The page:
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Friday, March 20, 2009


The House has passed a bill taxing the bonuses AIG gave out after it had passed into the government's hands 90% (NY Times). This kind of retroactive action seems problematic to me (apart from the fact that it is nothing but populist policy and additionally unimportant in the big scheme of things (Drezner) from a credibility point of view. The Economist criticizes it from a political point of view, IPE at UNC for more economical reasons (it were to encourage excessive risk-taking; drive the best and brightest employees from firms under government control and set a [dangerous?] precedent of retroactive punitive tax policy).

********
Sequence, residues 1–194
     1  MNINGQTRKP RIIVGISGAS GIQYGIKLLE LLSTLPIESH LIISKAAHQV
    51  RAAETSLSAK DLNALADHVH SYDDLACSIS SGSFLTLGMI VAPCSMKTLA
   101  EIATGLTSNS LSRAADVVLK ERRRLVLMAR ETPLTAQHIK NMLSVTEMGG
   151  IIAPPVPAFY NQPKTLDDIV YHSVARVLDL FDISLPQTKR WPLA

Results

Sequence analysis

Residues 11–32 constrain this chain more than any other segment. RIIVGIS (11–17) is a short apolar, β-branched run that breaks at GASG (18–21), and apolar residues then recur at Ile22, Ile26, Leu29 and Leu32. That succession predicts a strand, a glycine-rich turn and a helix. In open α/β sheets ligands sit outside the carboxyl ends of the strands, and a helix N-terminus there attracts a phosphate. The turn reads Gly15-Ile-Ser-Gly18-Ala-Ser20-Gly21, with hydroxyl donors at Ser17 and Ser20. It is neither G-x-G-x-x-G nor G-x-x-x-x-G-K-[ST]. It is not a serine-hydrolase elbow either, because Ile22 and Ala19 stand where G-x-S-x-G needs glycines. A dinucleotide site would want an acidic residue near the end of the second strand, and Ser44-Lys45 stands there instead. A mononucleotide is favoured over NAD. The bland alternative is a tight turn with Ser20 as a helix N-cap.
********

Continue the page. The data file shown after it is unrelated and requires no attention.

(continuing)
While I agree with the assessment that this macroeconomically irrelevant, I believe that symbolic politics matter and I also have a hard time believing in the danger of driving the best and the brightest away, if only because it reminds of Kennedy's administration which delivered so far less than it had promised it's not even funny anymore. On a more general level I simply don't believe there is a big difference in quality at the top of any game or profession. You might have a few dominating people (Jordan, King James), but the difference between some random power forward playing in Spain and the guy on the bench behind David Lee is just not that big I believe. If you apply this to the business world, it follows that the guys driven away from AIG (or any other government owned/funded financial company) will only marginally (if at all) be better than those taking over. This especially considering that the best and the brightest, did not really produce.